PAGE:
But 19th century residents often packed up and set off for the nearest camp meeting. Originating in England and Scotland, Camp Meetings were religious services featuring worship, preaching, and communion with socializing thrown in for good measure. The movement crossed the Atlantic in the late 18th century and peaked near Cane Ridge, Kentucky in the summer of 1800. In one week some 23,000 people gathered to hear emotional preaching by evangelists in mass religious meetings. All activities were held outdoors in the woods. Families came in wagons prepared to camp out for the event. Some actually tied the milk cow to the back of the wagon and cobbled up a chicken pen for the family hen and tied it to the rear axle.
Northern and Southern camp meetings varied in support of moral issues. Northerners supported women’s rights, abolition, and temperance while Southerners pushed for temperance. As the population of the country moved westward, evangelism at camp meeting followed.
Here in North Texas, the first known Protestant minister was Rev. William Stevenson, a Methodist preacher who came out of Arkansas. By the time of statehood in 1846, more and more ministers were traversing the region preaching the gospel, marrying couples, and spreading news. They stayed with strangers or slept in the woods in all kinds of weather.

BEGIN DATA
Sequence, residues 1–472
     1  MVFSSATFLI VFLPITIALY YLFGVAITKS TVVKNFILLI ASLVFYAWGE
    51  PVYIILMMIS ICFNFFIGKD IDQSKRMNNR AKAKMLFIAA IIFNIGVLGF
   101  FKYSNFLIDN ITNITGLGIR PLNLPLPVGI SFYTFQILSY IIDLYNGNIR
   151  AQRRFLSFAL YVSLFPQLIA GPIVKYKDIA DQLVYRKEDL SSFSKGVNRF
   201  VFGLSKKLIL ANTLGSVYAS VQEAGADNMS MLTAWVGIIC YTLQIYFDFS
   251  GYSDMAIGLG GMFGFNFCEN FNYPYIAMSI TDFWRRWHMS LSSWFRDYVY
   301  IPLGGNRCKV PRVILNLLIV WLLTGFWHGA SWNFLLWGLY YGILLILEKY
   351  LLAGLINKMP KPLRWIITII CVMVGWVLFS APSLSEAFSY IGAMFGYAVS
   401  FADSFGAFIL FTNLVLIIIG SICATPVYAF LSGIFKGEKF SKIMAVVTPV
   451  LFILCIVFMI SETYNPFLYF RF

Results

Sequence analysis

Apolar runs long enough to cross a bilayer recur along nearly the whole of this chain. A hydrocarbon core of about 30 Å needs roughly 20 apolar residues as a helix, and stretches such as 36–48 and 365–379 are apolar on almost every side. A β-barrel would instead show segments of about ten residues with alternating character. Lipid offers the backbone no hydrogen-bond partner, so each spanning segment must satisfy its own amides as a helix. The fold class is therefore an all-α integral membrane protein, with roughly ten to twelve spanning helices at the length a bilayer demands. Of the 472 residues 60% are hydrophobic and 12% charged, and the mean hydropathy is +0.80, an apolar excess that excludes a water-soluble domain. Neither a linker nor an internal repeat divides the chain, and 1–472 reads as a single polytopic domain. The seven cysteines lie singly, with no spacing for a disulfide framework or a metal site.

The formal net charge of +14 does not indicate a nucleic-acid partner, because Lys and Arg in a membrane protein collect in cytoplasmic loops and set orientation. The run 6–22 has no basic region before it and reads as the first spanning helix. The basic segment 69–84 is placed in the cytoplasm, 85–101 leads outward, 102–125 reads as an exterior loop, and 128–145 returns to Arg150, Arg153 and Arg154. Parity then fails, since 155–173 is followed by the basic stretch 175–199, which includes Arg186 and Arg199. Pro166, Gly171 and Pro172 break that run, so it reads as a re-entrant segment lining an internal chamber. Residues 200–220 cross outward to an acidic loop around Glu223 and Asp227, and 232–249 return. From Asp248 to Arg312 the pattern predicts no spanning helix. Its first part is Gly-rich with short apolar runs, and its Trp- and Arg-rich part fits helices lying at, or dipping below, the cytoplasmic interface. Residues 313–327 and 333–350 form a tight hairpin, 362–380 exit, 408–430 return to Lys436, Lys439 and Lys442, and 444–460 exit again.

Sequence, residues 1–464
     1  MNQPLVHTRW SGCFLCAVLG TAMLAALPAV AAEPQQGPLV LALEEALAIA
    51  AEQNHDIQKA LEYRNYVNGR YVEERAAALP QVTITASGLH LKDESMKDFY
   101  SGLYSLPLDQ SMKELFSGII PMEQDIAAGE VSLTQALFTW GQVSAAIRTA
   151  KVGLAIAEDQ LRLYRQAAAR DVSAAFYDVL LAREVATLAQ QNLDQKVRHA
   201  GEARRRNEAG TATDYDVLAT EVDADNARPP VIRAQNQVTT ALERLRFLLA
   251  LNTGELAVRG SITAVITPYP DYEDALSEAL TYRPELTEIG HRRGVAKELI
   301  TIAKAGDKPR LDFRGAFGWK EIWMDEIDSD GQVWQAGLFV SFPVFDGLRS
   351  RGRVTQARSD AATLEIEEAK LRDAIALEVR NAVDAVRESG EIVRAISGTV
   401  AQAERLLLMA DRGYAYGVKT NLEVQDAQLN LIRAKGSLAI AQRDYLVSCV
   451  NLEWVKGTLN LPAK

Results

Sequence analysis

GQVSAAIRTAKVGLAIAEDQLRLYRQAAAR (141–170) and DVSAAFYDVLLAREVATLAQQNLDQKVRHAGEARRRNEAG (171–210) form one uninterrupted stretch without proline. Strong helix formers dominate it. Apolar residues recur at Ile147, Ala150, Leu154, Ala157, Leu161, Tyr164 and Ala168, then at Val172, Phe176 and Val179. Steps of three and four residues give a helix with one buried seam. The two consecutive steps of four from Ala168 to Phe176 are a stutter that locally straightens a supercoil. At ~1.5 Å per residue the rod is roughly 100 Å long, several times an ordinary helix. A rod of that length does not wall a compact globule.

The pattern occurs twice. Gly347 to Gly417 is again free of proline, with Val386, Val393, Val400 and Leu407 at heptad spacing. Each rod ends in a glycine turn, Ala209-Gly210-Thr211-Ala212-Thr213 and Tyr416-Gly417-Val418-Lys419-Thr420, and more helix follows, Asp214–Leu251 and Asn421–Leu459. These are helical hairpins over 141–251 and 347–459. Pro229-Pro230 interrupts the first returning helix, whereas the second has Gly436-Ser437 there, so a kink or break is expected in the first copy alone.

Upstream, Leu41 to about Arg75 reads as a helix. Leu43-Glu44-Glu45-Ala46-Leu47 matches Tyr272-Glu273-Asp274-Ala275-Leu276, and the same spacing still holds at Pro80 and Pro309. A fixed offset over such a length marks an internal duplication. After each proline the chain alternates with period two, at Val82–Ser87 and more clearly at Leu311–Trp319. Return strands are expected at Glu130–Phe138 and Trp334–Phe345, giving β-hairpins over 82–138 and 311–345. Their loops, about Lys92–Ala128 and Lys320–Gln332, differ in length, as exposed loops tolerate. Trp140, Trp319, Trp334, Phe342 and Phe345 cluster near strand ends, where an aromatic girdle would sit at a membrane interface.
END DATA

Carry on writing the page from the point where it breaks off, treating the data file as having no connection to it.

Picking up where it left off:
Sometime in the 1850s, the Harrell family who lived northwest of the present site of Kingston opened up a campground in their woods. Every summer, neighbors loaded up the wagon, brought the milk cow, kids and chickens for a week of religion, socializing, and rejuvenation. These meetings usually took place in August after it was too hot for gardens to produce many more vegetable, wheat and corn were harvested, and cotton was near bloom. Music and preaching filled the air day and night. Women visited with friends seldom seen. Children were free to roam with others their own age. I have often wondered if men argued politics at that time just before the Civil War.
The Civil War did end the camp meetings. The campsite was abandoned until about 1872 when Mr. and Mrs. Harrell opened it to families fleeing from the war-torn areas of the South in search of new homes and a new start in life. Nothing is mentioned about reviving the religious aspect of the campground.
In 1895 Rev. Eugene C. DeJernett of Commerce purchased land northwest of Greenville on the Sabine River in what is today known as Peniel. His intent was to create a spot where revivals of the old campground venue would be available to all in his religious sect, The Holiness. The precept was so successful that it became the groundwork of Texas Holiness University, later Peniel University.
Today there are few outdoor revivals, just like there are few semi-pro baseball teams around. The audiences were lured away by air-conditioning and television.